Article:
P.K. Yonge students are dismissed after their first full day of classes in the new facility on Wednesday. (Dylan Taylor/WUFT News)

P.K. Yonge School Opens New Secondary Facility

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Wide-eyed P.K. Yonge students returned to campus Wednesday, encountering a new three-story learning space.

The new building at the developmental research school has 73,500 square feet of floor space and was built by Parrish McCall Constructors LLC. The total cost of the facility is about $21 million.

The building will provide classrooms and labs for students in grades six through 12. These rooms come supplied with state of the art technology, such as lab equipment, flat-screen TVs and Apple TVs.

P.K. Yonge Principal Dr. Carrie Geiger said the new non-traditional facility is an attempt to push away from the “factory model” for education.

“This building is designed to help kids be more collaborative, to make their learning more organic, and to make learning more public and teaching more public,” said Geiger.

In addition to the new technologies provided, the building differs from traditional learning environments by removing hallways in favor of larger classrooms, and opening up spaces with large glass walls.

Phillip Miller, a P.K. Yonge senior, said the previous buildings felt very secluded with narrow hallways. He said his first day in the new building felt like, “…moving into a new house with an open-space concept.”

Geiger said the school’s mission with the new building is to figure out new ways to improve the traditional education system — then share their findings with other educators. She added that P.K. Yonge often invites educators from around the world as partners in their research.

“One thing about education, it’s really slow to change,” Geiger said. “When you look at what education looks like now and what it looked like, you know, 50 years ago, it hasn’t changed that much other than we now have some cool technology.”

The new facility’s classrooms are equipped with state of the art technology and non-traditional seating. (Courtesy of Julie Henderson/P.K. Yonge)

Construction of the building lasted from Oct. 28, 2019, until Wednesday, but planning began long ago.

P.K. Yonge Director Dr. Lynda Hayes said the project has been under development since she began working at the school 10 years ago.

One of the primary hurdles to completion, Hayes said, was acquiring funding.

Although P.K. Yonge is a public school, its status as a developmental research school makes it a single-school school district. This means P.K. Yonge is not a part of the Alachua County school system and, therefore, does not receive county taxes.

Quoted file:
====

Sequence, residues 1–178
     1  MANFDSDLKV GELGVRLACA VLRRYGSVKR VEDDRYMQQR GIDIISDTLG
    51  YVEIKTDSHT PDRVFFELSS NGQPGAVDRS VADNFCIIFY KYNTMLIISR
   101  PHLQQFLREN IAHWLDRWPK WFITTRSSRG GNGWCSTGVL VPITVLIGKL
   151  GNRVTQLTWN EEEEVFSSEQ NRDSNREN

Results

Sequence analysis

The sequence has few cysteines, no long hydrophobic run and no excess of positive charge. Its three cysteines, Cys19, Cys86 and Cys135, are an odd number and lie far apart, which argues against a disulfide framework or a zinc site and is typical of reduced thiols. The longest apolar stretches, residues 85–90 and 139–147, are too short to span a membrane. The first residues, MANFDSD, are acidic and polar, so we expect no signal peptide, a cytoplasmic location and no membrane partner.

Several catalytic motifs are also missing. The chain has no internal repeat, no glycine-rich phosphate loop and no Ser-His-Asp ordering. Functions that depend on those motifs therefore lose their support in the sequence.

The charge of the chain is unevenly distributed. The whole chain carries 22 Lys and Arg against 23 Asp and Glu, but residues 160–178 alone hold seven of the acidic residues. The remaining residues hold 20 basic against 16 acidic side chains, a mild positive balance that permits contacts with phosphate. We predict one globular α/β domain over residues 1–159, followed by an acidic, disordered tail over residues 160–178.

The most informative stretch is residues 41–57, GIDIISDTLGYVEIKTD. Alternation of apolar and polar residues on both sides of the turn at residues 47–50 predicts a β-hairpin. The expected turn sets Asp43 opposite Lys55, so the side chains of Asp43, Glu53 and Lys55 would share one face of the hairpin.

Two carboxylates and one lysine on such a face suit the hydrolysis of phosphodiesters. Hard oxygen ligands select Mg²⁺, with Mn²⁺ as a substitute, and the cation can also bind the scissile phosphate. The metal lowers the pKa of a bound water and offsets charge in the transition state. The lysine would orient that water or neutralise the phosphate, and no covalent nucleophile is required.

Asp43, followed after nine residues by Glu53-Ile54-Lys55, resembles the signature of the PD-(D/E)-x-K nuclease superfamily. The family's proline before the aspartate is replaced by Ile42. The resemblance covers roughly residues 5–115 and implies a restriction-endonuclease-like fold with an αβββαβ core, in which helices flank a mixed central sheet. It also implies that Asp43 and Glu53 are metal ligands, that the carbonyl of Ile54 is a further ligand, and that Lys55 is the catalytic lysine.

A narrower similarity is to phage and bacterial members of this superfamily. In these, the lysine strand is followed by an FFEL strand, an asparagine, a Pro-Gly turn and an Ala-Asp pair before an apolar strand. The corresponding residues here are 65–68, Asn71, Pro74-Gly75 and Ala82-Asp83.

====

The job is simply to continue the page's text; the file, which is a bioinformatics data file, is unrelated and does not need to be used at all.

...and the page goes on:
The school was, however, able to pull in funding from state taxes and the school’s partnership with the University of Florida.

The completion of P.K. Yonge’s newest addition to campus also marked the end of Phase II of the school’s five-phase revitalization project.

Hayes said the revitalization project began in 2007 after the state gave the school permission to begin replacing old structures, rather than refurbishing or repairing them.

“Our old buildings were built in 1957,” Hayes said. “They were in tremendous disrepair and were not functional for today’s world.”

Dr. Geiger added: “Some of these old buildings, you can’t even buy the fixtures anymore to make repairs. …when we would have a toilet break or a sink break, we could not even find the parts to fix them. They’re just really outdated and they leave a huge carbon footprint.”

New projects are being built with energy conservation and environmental awareness in mind. The newest building was LEED certified.

The last project completed for the revitalization project was P.K. Yonge’s elementary building in 2012.

So far in the revitalization plan, P.K. Yonge has developed a new art wing, performing arts building, an elementary building and now a new secondary school.

All of the 1957 buildings have now been replaced with the exceptions of the gym and the cafeteria. The gym is next on the list.

Hayes said while some students and alumni are sad about replacing some of the historic buildings, “… it’s just such a grand and beautiful transition that people are quickly embracing it.”

Large windows span across the building for an open learning space. (Courtesy of Julie Henderson/P.K. Yonge)

About Dylan Taylor

Dylan is a reporter for WUFT News who can be reached by calling 352-392-6397 or emailing news@wuft.org.

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